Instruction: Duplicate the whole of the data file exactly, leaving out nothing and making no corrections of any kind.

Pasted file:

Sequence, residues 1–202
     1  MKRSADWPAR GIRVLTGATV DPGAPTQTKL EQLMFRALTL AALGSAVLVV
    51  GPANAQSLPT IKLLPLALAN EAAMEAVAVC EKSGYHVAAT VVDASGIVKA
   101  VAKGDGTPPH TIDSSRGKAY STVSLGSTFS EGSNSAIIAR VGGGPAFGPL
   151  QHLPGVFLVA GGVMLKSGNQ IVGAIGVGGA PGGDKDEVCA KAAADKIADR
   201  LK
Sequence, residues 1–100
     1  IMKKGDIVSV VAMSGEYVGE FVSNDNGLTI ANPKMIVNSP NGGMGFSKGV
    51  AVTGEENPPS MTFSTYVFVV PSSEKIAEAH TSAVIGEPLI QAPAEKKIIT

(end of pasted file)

Sequence, residues 1–202
     1  MKRSADWPAR GIRVLTGATV DPGAPTQTKL EQLMFRALTL AALGSAVLVV
    51  GPANAQSLPT IKLLPLALAN EAAMEAVAVC EKSGYHVAAT VVDASGIVKA
   101  VAKGDGTPPH TIDSSRGKAY STVSLGSTFS EGSNSAIIAR VGGGPAFGPL
   151  QHLPGVFLVA GGVMLKSGNQ IVGAIGVGGA PGGDKDEVCA KAAADKIADR
   201  LK
Sequence, residues 1–100
     1  IMKKGDIVSV VAMSGEYVGE FVSNDNGLTI ANPKMIVNSP NGGMGFSKGV
    51  AVTGEENPPS MTFSTYVFVV PSSEKIAEAH TSAVIGEPLI QAPAEKKIIT